June 16th, 2015 8:48 AM by Jackie A. Graves, President
Michael D Brown / Shutterstock.com
it at your peril.
credit score can help people get lower rates for loans on cars and credit
cards, and can save them tens of thousands of dollars over a lifetime for those
who qualify for a mortgage, experts say, and yet people still make major
mistakes when it comes to understanding their credit scores.
credit scores can deny one access to credit or increase the costs of this
credit by thousands of dollars,” says Stephen Brobeck, executive director of
the Consumer Federation of America, a consumer advocacy group.
The primary way of maintaining a high credit score is paying off
bills on time. Only 53% of Generation Xers say they regularly pay off credit
card balances in full, less than millennials (57%) and boomers (66%), according
to a recent
report by Financial Finesse, a financial education company.
“Since Generation X struggles the most with debt and paying bills on time, they
may be particularly concerned about the impact of debt and late payments on
their credit score,” the report found.
there has been an improvement this year over last year in people’s knowledge of
how credit scores operate, here are five areas that — according to the report —
require room for improvement:
Low credit scores mean high loan repayments
Americans are not aware of how a low credit score can hit their pocketbook. The
survey cites the impact of an auto loan. Only 20% of Americans know that low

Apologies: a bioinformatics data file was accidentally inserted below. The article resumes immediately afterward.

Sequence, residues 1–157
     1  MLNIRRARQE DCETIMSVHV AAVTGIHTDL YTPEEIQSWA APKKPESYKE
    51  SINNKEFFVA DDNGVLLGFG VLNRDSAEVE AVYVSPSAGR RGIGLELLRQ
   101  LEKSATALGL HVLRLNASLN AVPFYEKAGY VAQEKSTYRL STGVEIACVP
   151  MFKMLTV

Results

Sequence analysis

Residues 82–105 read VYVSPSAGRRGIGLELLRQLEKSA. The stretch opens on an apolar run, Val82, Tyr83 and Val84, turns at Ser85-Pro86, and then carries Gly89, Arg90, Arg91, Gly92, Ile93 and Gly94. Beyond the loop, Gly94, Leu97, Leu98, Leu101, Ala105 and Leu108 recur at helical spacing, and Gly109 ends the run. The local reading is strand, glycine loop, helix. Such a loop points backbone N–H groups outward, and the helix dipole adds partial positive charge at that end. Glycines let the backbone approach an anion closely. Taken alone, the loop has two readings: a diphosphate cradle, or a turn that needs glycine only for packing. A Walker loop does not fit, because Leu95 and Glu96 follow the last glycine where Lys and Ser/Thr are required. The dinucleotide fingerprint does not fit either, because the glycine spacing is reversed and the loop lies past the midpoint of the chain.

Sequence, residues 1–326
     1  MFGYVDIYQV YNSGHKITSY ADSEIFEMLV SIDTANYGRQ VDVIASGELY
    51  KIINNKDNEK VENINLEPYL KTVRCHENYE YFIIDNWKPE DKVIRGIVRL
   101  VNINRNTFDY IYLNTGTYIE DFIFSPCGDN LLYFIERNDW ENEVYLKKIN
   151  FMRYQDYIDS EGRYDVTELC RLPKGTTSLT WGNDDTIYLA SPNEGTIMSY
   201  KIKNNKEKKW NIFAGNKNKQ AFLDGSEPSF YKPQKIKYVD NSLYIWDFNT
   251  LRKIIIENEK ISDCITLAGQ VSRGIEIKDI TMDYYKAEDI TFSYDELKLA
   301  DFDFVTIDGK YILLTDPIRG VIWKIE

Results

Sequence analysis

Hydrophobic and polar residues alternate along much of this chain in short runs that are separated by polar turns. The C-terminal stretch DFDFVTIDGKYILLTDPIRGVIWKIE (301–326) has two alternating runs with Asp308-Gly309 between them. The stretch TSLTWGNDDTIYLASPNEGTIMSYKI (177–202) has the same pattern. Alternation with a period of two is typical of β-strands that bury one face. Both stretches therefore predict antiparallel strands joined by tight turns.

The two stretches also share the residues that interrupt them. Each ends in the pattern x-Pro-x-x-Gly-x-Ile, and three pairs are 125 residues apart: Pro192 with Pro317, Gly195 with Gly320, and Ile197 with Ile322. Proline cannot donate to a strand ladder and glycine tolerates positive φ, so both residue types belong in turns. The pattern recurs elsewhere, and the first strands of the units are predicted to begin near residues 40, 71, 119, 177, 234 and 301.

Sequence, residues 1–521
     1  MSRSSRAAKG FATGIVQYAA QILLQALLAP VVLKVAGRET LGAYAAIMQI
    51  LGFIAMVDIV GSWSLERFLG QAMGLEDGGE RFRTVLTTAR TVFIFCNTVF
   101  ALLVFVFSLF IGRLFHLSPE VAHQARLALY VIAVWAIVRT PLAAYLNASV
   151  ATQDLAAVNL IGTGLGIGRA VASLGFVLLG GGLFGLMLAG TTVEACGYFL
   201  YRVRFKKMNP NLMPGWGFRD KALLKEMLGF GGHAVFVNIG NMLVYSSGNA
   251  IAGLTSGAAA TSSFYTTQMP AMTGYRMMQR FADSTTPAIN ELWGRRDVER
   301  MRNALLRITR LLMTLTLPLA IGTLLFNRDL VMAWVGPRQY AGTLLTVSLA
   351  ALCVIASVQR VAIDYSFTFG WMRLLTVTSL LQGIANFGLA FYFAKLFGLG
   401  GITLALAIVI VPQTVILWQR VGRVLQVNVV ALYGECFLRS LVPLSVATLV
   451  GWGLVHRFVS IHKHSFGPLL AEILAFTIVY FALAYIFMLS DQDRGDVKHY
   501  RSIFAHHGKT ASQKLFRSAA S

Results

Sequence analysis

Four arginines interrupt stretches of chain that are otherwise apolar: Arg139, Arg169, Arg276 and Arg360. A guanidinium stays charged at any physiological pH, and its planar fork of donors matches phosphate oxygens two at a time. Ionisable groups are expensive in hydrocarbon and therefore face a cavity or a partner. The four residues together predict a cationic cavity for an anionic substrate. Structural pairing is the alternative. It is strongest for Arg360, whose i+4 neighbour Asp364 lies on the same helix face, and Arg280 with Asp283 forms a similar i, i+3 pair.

credit scores are likely to increase the finance charges on a $20,000, 60-month
car loan by more than $5,000, up from 16% a year ago, according to the results
of a survey by 1,000 people carried out for the CFA and VantageScore Solutions,
which operates a credit score model. And 41% incorrectly think extra charges
would be less than $3,000.
There is more than one credit score to track
One-third of people don’t realize that they have more than one
credit score. The country’s three main credit bureaus — Experian, Equifax, and
TransUnion — collect the information on which credit scores are frequently
based. This is particularly important as some lenders may be unwilling to
accept just one credit score, if they suspect that it doesn’t represent the
full picture. And scores can vary. Last year, Fair Isaac Corp. (FICO) announced
a change in its scoring,
putting less focus on medical-related debts.
700 is the magic number for most borrowers
Some 14% of respondents don’t realize that 700 is actually a
good credit score. A score between 661 to 780 is considered good credit and
between 781 and 850 is regarded as excellent credit, according to financial
website Credit.com. The site rates fair credit as between 601 and 660, poor
credit between 501 and 600 and bad credit as anything below 500. But different
lenders may have different criteria when it comes to loaning money, and may
approve borrowers with a credit score of below 700.
Transferring balances won’t help your score
34% of people know that making payments on time, keeping credit card balances
low or paid off, and not opening several card accounts at the same time helps
raise a low credit score or maintain a high one. It may not always be wise to
open another card with a lower temporary interest rate and transfer the balance
from one credit card to the new card. Brobeck advises paying down debt rather
than just moving it around, as well as not opening many new accounts at the
Check your score regularly to avoid disappointment
While most people realize that it’s important to check their
credit scores with one of the three main credit bureaus, 18% of people are
still not aware that they should do that, the survey found. It’s free to check your credit score and it also helps to build a credit score over time.
Rather than wait until you need a loan in an emergency or until you want to get
a mortgage, it’s important to check your score regularly so you can detect any
identity fraud on a credit card or any mistakes by the credit bureau.
By Quentin Fottrell – To view the original article click here
Read: Millennials distrust (or ignore) credit scores